HOUSTON - The President of a local area bank, in a small suburb north of Houston, realized one of his employees was violating company policy by providing "financial favors" for some of her clients. He fired the employee and initiated an audit of her accounts. When the audit revealed some unexplained activity, it was expanded at which time approximately $30,000 was discovered missing from the General Ledger. The Bank President contacted the local police department who advised him they had neither the time, nor the resources, to handle such an in-depth investigation. Police officials referred the banker to Mark W. Stephens, a former white collar crimes Detective for the Houston Police Department with training and experience in financial fraud investigations.

Mr. Stephens met with bank officials and was provided with the facts of the case thus far. Confident he could solve the case, Mr. Stephens accepted the case and quickly initiated his own investigation. One of the first questions Mr. Stephens asked was had the bank performed a pre-employment background check on this particular employee. The answer was "no," prompting Mr. Stephens to conduct his own research into her background.

By researching bank records, it was discovered that the former bank employee had diverted funds from the General Ledger by falsifying two Cashier’s Checks. The Cashier’s Checks were made payable to the former employee, with the Remitter of each check being former clients of hers, through her employment with the bank. Mr. Stephens identified several witnesses and potential witnesses and contacted each individual, obtaining verbal statements and sworn affidavits as to their knowledge of the incident. The Remitter listed on each instrument denied, under oath, any involvement in the scheme to unlawfully appropriate money from the bank, and agreed to testify against the former employee if needed. They both gave statements that indicated the former bank employee used their names on the Cashier’s Checks without their knowledge or permission.

Meanwhile, the results of the background investigation of the former bank employee were astonishing. Mr. Stephens discovered that the former employee was currently serving a four-year term of Probation for a previous felony theft conviction in Harris County, Texas. Upon checking the previous case, he discovered that the former employee had been an employee at another area bank and had been caught embezzling money from that bank. When her criminal act was discovered and she was fired from the first bank, she simply moved on and got a job at the second bank. She had been working at the second bank for some time, when she was finally charged with the first criminal offense of theft. She then negotiated a deal with officials, whereby she would receive probation if she returned the stolen money. With the deal in place, she simply embezzled more money from the second bank to pay back the first bank, and secure a probated sentence, which kept her out of jail.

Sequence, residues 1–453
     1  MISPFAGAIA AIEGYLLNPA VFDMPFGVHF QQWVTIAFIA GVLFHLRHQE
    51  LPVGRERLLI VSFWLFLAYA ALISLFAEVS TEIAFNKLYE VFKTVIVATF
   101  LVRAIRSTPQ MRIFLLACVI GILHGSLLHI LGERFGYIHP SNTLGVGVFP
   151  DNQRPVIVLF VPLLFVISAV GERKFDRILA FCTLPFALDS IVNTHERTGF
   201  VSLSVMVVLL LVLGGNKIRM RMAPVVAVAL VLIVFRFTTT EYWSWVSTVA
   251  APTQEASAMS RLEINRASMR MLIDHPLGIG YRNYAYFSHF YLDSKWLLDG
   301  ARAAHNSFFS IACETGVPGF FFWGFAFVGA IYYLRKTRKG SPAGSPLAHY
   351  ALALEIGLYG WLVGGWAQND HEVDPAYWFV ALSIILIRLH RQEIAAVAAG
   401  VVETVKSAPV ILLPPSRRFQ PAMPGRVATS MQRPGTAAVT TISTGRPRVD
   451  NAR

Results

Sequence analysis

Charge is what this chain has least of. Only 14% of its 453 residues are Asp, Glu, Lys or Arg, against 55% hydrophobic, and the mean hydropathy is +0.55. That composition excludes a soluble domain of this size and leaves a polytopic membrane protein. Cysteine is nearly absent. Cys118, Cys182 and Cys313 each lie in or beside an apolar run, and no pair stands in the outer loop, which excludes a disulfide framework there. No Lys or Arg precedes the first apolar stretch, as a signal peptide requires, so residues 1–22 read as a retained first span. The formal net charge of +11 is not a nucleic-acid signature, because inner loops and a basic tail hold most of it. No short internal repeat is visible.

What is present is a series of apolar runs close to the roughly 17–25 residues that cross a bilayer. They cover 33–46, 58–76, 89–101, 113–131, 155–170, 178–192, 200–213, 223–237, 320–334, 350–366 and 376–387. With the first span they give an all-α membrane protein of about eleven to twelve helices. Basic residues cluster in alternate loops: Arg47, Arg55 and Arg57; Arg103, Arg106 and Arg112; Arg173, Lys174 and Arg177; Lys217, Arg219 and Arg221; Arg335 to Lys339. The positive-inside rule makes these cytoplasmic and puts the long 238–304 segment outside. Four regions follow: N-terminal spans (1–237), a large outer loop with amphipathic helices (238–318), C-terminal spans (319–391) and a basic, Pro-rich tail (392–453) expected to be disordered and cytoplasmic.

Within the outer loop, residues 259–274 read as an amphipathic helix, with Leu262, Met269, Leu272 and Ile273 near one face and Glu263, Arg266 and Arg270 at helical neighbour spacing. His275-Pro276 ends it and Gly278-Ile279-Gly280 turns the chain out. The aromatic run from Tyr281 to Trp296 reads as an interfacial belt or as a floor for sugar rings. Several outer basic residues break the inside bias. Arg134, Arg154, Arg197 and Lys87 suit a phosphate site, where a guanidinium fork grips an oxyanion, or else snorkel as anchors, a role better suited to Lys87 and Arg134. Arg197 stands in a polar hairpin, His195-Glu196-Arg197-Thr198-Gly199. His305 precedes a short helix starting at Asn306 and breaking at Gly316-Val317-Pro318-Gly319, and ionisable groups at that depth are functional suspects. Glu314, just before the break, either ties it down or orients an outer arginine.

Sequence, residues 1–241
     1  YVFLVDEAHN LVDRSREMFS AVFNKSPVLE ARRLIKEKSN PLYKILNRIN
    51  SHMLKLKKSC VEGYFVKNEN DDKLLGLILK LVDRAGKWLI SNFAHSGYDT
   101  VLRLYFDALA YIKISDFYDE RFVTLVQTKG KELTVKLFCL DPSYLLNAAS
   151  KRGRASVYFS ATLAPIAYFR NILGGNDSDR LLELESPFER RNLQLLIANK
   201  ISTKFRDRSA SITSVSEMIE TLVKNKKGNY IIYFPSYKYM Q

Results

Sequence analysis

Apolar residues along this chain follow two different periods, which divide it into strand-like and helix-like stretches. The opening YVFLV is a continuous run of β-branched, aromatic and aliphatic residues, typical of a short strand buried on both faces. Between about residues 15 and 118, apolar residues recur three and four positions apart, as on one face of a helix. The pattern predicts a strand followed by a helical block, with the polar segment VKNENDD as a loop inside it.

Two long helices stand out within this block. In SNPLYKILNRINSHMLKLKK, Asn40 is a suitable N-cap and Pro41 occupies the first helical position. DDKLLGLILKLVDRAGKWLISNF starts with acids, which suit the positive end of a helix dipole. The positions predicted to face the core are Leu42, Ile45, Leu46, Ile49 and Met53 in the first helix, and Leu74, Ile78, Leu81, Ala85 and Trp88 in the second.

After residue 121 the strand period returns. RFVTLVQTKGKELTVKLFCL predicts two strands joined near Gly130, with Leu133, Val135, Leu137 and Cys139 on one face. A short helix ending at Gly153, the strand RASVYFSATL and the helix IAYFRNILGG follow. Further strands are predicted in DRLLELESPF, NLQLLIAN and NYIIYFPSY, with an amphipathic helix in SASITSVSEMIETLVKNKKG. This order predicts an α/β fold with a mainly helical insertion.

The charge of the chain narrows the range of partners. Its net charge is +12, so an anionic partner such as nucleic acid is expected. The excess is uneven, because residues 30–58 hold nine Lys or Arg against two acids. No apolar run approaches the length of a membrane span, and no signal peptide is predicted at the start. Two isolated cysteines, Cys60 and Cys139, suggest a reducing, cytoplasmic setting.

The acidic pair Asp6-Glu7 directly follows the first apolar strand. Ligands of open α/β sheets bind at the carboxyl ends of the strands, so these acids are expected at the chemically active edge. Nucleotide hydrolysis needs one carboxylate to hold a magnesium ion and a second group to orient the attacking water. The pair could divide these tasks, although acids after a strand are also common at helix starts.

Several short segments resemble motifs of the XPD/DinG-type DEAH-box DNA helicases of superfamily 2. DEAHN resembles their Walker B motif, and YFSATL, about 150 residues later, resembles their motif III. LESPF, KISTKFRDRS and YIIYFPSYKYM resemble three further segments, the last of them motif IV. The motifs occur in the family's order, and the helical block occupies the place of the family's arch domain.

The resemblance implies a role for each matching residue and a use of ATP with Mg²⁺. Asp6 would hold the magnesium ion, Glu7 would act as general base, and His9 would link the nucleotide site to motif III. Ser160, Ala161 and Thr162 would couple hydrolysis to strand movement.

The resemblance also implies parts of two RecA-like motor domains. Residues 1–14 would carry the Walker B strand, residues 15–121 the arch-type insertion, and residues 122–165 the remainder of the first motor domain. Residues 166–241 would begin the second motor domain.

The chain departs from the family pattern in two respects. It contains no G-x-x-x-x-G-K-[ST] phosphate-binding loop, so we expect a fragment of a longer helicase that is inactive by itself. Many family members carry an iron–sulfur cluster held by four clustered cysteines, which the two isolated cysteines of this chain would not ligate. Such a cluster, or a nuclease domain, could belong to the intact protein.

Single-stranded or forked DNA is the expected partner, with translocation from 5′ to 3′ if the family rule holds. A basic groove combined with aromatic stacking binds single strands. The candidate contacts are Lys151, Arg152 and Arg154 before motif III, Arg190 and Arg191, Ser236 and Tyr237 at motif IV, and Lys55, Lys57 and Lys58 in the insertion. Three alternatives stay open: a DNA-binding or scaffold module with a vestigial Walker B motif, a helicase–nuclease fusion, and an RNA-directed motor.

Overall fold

With this overwhelming evidence in hand, Mr. Stephens contacted the former bank employee and persuaded her to submit to an interview. During the course of the interview, Mr. Stephens presented the facts to the former employee and she confessed to the crime. Within thirty days of initiating the investigation, Mr. Stephens had obtained a written confession from the former bank employee, and compiled an investigative report that documented every aspect of the incident. Mr. Stephens then met with officials from the Harris County District Attorney’s office and personally presented the case on behalf of the bank. The investigation was presented to a Grand Jury and the former bank employee was indicted for the criminal offense of felony theft.

Because the former employee was currently serving Probation for the previous criminal offense, the new case was automatically set in the same State District Court as the prior case, meaning she had to appear before the same Judge. Presented with the extremely thorough investigative report compiled by Mr. Stephens, which documented the facts of the case in great detail, including the former employee’s written confession, the defense attorney advised his client to plead guilty to the criminal charge, for a term of four years in prison that was recommended by prosecutors. However, the Judge took into consideration the investigation conducted by Mr. Stephens and the fact that the former bank employee had been untruthful, and sentenced her to six years in prison instead of the recommended sentence.

Even though the bank officials were delighted with the conviction and prison sentence, Mr. Stephens showed some disappointment.

"I’m happy with the outcome of the trial, because I really believe this person belongs in prison for the crimes that she committed. I would have been much happier if I could have recovered some of the bank’s money. Unfortunately, the defendant no longer had the money and did not have enough assets that we could attach. That’s just the way it goes sometimes, but it was still a great outcome for everyone involved." Everyone, that is, except the thief".


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